My humble plea for Combatant Gentlemen: Remove the extra ticket pocket. Remove the second jacket button. Go with the peak, not the notched. Those design elements are the signatures of a timeless dinner jacket. Mind you, my knowledge sources from the best of the best, as one of my favorite sartorial mentors Glenn O’Brien of GQ reiterates “no notch lapels” too. Peaked lapels are the only extravagance to the otherwise somber tuxedo, and using the notched destroys any pomp displayed with replacing the novelty with boredom. I want to feel special that night, in my polished shoes and Dinner Jacket satin regalia; and instead not feel like I just took a taxi from a court hearing I was summoned to, wearing an all-too-common 2 buttoned notched suit jacket that pretends to be worthy for real deal evening etiquette!

The satin-esque finishin on the lapel and chest pocket, along with the jackets with satin finishes on the non-flap pockets, are divine. Definitely keep those options, especially the availability of the slanted double non-flap pockets which helps to further cut down on any material excess with absent flap over the pocketing. And I have no doubt that the quality and fitting are on par with your flagship suiting that I am obviously so fond of. Same approval for the flat front satin-running slacks,

The two major plotholes I talked of above are the only hesitations that prevent me from buying a Comb Gent tuxedo in this present state. I will ask my readers to make up your own mind on these proceedings, since my hangups may not be as sinful as I depict. There are tons of makers who do not know any better either. Our infallible Grandaddy Brooks has been my mating partner in a love/hate relationship for the longest time, as for example they too sell a notched lapel Fitzgerald when they should know better. Yet, the 99.99% of those dudes who are not a tyrant clothing dictator, like yours truely, will barely have enough attention to see that second button – much less know to never fasten it so that both buttons are closed, nor know how to tie a bowtie, nor know that the long satin tie is not an alternative for said bowtie. Never ever ever never. Anyway, I think current Combatant Tuxedo can can be improved upon to reach those final few points to make it perfect, but it is your trigger to pull. $200 is a good deal nevertheless.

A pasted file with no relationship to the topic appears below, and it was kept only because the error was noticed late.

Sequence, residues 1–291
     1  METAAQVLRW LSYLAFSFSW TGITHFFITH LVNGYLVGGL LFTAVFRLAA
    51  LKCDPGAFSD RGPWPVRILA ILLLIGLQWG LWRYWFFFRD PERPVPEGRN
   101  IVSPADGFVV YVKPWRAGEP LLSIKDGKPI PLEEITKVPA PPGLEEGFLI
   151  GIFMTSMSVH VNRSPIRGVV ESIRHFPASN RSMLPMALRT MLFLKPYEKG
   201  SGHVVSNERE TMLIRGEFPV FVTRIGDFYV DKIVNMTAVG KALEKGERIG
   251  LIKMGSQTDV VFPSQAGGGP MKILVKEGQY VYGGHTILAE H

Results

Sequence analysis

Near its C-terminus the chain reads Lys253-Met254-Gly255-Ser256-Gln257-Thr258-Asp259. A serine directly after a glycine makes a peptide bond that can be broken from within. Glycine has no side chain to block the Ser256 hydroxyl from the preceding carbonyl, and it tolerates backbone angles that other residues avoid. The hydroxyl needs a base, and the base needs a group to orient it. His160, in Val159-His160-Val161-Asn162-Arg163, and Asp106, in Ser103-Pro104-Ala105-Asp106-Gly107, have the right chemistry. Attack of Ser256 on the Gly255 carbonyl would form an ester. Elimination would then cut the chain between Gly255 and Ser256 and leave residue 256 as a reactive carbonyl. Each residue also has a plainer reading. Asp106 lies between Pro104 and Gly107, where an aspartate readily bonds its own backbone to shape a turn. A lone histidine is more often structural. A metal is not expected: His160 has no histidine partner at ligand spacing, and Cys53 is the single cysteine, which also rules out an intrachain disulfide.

CollegeTrad Recommends:

The takeway cliffnotes.


Super 140s Italian sourced Wool, Staples starting at $160 (and lowest seasonal suiting at $140), Separate Suiting, Various Fittings, Attention to detail like “PRC” and hidden labeling, Unhemmed slacks, and Amazing OTR fitting that reduces need for extra alteration.


Made in China, Tuxedowear is promising but not yet perfect, Rest of clothing collection besides suiting is so-so for the money. Vanity sizing that can be confusing.

Verdict: Combatant Gentlemen is now my favorite supplier of budget conscious suiting.I suspect they will see me as a repeat customer. The Price to Quality is unmatched by their competitors. Use CombGent for your starter suit(s) if you cannot afford the higher quality range just yet, especially if you are a student or young professional. Or if you are like me and want a cheap and fashionably cut option as your 4th,5th,6th+ on top of your tradly, higher quality, primary suitwear. The rest of the CombGent collection of shirts, knits, and ties are on par with other brands and can be skipped over. Keep a close eye on their tuxedos for future improvements.


P.S. Here is another CG review for your consideration by

Share on FacebookPin it on PinterestSubmit to redditSubmit to StumbleUponShare on TumblrShare on Twitter